|US5612906 *||Sep 12, 1994||Mar 18, 1997||Baumuller Nurnberg Gmbh||System for the measurement of the absolute position of the movable cyclic division mark carrier of an incremental position indicator|
|US5719789 *||Sep 20, 1995||Feb 17, 1998||Canon Kabushiki Kaisha||Method of and apparatus for detecting an amount of displacement|
|US5740034 *||Mar 19, 1996||Apr 14, 1998||Tokyo Electronic Limited||Positioning apparatus and process system having the same|
|US6220158||Oct 5, 1998||Apr 24, 2001||Heidelberger Druckmaschinen Ag||Rotation-angle measurement for printing presses|
|US6410910||Feb 18, 2000||Jun 25, 2002||Dr. Johannes Heidenhain Gmbh||Angle measuring system|
|US6772078 *||Oct 9, 2002||Aug 3, 2004||Futaba Corporation||Linear scale reader|
|US7013233||Mar 20, 2003||Mar 14, 2006||Robert Bosch Gmbh||Method and device for the detection of the movement of an element|
|US7060969 *||Nov 9, 2004||Jun 13, 2006||Asmo Co., Ltd.||Rotating machine having rotation sensors|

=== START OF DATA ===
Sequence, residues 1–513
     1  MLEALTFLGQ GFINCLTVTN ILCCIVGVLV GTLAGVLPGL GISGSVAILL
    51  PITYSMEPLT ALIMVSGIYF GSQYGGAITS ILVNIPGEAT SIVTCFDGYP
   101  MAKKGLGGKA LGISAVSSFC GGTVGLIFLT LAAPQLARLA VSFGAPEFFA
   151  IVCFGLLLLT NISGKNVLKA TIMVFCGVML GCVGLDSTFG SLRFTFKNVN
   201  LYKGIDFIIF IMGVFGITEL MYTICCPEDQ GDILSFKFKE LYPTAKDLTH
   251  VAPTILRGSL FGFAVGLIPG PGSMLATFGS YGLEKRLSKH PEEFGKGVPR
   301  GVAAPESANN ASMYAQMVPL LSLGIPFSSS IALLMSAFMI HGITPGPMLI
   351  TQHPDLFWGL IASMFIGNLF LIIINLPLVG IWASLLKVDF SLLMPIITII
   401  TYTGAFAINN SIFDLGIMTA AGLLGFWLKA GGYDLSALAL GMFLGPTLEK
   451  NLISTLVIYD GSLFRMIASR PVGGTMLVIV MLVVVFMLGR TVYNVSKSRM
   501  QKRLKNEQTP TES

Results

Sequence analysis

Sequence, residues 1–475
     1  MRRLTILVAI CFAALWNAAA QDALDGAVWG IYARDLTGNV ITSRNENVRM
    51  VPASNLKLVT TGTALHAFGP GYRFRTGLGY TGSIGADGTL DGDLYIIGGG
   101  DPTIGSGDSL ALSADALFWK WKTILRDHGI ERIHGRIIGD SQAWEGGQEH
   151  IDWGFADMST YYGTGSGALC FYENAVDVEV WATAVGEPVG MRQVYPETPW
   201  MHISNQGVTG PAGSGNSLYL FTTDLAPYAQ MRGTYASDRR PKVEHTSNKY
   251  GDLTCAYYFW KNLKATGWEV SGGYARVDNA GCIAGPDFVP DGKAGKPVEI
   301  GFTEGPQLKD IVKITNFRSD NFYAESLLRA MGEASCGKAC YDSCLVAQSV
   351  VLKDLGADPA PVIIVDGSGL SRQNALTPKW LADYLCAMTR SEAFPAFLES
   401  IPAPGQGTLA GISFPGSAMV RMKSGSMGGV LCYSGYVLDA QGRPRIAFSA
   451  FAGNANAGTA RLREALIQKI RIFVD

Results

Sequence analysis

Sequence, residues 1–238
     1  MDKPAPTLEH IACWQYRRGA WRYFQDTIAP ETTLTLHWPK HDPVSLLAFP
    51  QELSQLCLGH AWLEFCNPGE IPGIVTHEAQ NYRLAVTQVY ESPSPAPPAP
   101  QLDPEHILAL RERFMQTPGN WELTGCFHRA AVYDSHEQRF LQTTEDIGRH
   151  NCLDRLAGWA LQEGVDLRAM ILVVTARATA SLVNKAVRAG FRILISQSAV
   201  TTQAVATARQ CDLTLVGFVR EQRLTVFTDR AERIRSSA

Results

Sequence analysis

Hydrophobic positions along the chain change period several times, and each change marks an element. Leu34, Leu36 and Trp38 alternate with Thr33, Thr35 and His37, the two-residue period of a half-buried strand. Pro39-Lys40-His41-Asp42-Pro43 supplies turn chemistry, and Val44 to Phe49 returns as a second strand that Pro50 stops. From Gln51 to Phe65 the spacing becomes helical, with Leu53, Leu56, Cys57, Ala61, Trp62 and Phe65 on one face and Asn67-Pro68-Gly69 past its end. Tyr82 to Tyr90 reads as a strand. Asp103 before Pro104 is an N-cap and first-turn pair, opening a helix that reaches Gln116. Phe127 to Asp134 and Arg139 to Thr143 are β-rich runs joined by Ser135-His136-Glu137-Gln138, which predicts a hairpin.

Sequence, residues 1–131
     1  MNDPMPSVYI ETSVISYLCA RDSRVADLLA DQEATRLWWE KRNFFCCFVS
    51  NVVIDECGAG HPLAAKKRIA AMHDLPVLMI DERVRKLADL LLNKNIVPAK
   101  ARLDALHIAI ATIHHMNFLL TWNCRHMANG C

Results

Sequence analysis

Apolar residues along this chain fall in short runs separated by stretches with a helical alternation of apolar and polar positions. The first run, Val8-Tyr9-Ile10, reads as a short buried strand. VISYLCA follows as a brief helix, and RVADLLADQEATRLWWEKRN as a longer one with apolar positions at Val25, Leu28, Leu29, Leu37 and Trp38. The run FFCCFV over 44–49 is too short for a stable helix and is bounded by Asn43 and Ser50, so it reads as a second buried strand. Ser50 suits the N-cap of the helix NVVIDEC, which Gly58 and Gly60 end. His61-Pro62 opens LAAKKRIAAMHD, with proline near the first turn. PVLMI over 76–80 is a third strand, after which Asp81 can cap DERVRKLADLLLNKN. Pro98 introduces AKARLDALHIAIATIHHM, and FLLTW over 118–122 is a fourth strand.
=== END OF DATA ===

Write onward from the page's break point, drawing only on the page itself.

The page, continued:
|US7330326 *||Mar 9, 2004||Feb 12, 2008||Hewlett-Packard Development Company, L.P.||Recordable disk rotational speed error correction circuit|
|US7405894 *||Jul 8, 2004||Jul 29, 2008||Broadcom Corporation||Frequency, phase, and gain estimation technique for use in a read channel receiver of a hard disk drive|
|US8433436 *||Sep 23, 2011||Apr 30, 2013||Tokyo Electron Limited||Substrate processing system, substrate placing position adjusting method and storage medium|
|US20030069707 *||Oct 9, 2002||Apr 10, 2003||Futaba Corporation||Linear scale reader|
|US20050024042 *||Mar 20, 2003||Feb 3, 2005||Ruediger Block||Method and device for the detection of the movement of an element|